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Nr. 2 - September 2005

Editor : Anne Rougemont
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Prof. René Flükiger : a lifelong passion for applications
an interview by Anne Rougemont
His work has been acknowledged this month by an IEEE Award [read also here] and he is supposed to retire at the end of the month. But Prof. René Flükiger loves action and will continue part of his activities. He tells us about his achievements and projects.

Prof. René Flükiger
Professor Flükiger, on September 19th you have received an IEEE (Institute of Electrical and Electronic Engineers) Award for your work. Can you tell us a little bit more ?
Yes, this award acknowledges advances made in the field of superconducting wires and tapes, combining physics, crystallography and metallurgy. This work covers a series of high and low Tc compounds, but especially points out the Nb3Sn one. The results deal with the improvement of critical current in high magnetic fields. Researches included studies of non-equilibrium phase diagrams, the modification of microstructure at the nanoscale, as well as metallical distorsion at the industrial level.
We were especially interested in producing strong high magnetic fields in superconducting magnets ; the most current application nowadays is the NMR, which is crucial for fine analysis in chemistry, pharmacy and biogenetics. Future developments in our labs involve the use of very efficient Nb3Sb superconducting wires in the Tokamak coils of the European thermonuclear fusion project ITER, as well as in the high fields dipoles of the CERN.

You will officially be retired at the end of September 2005. What are your projects ?
In agreement with the University of Geneva, my activities within MaNEP will continue. These are linked to the measurements made in the Geneva High Magnetic Fields lab, using our 17T and 21T magnets. I will also continue my work with the lab that develops superconducting wires in collaboration with Bruker Biospin - the world leader in NMR systems – in order to enlarge the panel of magnets dealing with magnetic fields that have not yet been reached.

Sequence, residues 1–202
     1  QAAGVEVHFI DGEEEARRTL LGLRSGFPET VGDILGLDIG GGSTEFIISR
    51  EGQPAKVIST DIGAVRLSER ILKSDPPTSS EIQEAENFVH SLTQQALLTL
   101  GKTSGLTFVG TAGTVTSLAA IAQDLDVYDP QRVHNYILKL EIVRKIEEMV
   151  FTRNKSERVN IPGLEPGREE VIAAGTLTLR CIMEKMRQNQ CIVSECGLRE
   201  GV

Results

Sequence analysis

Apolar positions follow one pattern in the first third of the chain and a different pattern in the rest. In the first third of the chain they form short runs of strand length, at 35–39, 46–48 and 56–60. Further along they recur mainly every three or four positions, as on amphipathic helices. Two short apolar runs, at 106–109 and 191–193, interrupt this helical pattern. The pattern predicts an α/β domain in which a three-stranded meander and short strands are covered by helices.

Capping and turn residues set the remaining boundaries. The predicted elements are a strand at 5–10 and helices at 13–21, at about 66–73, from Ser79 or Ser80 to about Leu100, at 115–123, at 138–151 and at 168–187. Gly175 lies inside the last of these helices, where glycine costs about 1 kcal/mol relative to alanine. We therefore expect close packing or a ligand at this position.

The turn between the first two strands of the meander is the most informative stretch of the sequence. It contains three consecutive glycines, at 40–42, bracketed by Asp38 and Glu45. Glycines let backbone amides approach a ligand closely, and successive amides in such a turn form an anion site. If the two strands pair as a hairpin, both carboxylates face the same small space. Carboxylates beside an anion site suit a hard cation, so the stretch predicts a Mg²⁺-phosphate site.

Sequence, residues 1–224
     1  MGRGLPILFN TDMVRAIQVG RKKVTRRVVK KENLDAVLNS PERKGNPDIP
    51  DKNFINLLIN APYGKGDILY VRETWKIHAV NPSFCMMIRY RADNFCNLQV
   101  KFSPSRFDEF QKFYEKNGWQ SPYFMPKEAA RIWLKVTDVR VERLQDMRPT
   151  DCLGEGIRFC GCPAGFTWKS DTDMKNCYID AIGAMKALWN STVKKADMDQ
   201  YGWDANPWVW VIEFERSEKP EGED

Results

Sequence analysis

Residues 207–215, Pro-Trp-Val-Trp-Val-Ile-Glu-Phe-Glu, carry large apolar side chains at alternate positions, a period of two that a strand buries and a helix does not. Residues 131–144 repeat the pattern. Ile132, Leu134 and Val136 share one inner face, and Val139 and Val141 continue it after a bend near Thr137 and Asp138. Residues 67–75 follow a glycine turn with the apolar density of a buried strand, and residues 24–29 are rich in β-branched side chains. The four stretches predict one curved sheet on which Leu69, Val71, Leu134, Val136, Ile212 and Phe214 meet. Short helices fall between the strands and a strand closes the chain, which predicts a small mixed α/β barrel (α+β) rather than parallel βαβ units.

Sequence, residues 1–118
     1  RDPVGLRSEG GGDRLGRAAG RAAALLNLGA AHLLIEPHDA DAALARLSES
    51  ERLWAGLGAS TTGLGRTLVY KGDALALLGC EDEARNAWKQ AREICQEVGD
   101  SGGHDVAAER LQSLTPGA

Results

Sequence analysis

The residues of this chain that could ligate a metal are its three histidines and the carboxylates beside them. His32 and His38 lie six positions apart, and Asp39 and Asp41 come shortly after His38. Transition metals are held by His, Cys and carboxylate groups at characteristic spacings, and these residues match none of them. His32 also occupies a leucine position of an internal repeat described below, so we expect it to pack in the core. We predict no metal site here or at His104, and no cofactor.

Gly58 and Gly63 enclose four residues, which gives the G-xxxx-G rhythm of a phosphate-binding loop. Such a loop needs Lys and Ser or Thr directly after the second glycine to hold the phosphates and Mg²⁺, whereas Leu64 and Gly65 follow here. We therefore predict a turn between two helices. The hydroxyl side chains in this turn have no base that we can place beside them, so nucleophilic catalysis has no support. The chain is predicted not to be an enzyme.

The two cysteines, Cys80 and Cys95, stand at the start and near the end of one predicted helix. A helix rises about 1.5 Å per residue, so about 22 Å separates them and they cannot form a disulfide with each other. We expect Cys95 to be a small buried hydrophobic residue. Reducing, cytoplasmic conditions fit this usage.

Speaking of Bruker Biospin, you are the kingpin of this collaboration. What are the conditions for success in such a partnership with the industry ? And what have its highlights been until today ?
Mutual trust is essential. It has built since 8 years already, through continuous direct contacts. The results are very satisfying ; they are illustrated by the submission of four patents, the last one very recently. All are regarding the production of superconducting wires. We have sophisticated means that a firm alone cannot afford in order to develop new methods of production. Such breakthroughs give decisive boosts that improve the competitiveness of our industrial partners, and this is something I very much value. Our partners are very generous with us in return : in 2004, Bruker offered the University of Geneva a very powerful 21T prototype magnet. This all reflects my motto : today the improvement, and the cheaper fabrication of industrial products more than ever need efforts in fundamental physics, combined with a deep knowledge of production mechanisms.

What projects are you the most proud of, be they past or present ?
Since the beginning of my career, I have been interested in the physics of metals. Then I became involved with the application aspect of researches and I still am. It has implied a deep knowledge of the reaction kinetics and the microstructure of the studied systems. I persevere in this direction. It all regarded superconducting systems for the most part, but I still wish to mention two other marking projects : the first one was with the firm Rolex, during the development of paramagnetic spirals for their up-market watches. Spirals determine precision in the watch. It took a very sophisticated research, concerning both the distorsion and the microstructure. These spirals are now in production, which is a success for our laboratory. The other project is with our partner Charmilles Technologies. For this firm we created a new method of production that diminishes the number of ‘nanocracks’ on the surface of the tools they fabricate. This breakthrough was obtained combining the application of nanopowders and the observation of microstructure at the submicron level. In my opinion, this opens very interesting perspectives for the future, for example in issues dealing with the security of materials…

Has the creation of MaNEP been helpful ?
MaNEP played a decisive role by allowing to intensify even more the work with the industry, thank to the new means we could afford. The other great advantage of MaNEP is to allow a more long-term research for the development of the highly sophisticated modern superconductors. This implies the possibility of following ideas to the end and to make new ones concrete. Of course we still have to respect milestones per project, a constraint that represents the best possible preparation for the world of industry for the doctoral students.

And as a teaching professor, what has your greatest satisfaction been ?
Having been able to create a significant laboratory, that is unique in Europe and that combines physics and metallurgy, has allowed to educate a series of doc students who have very specific and high profiles. Many of them have now found key-positions, both in academic projects and in the industry. I, of course, feel proud and happy about it.

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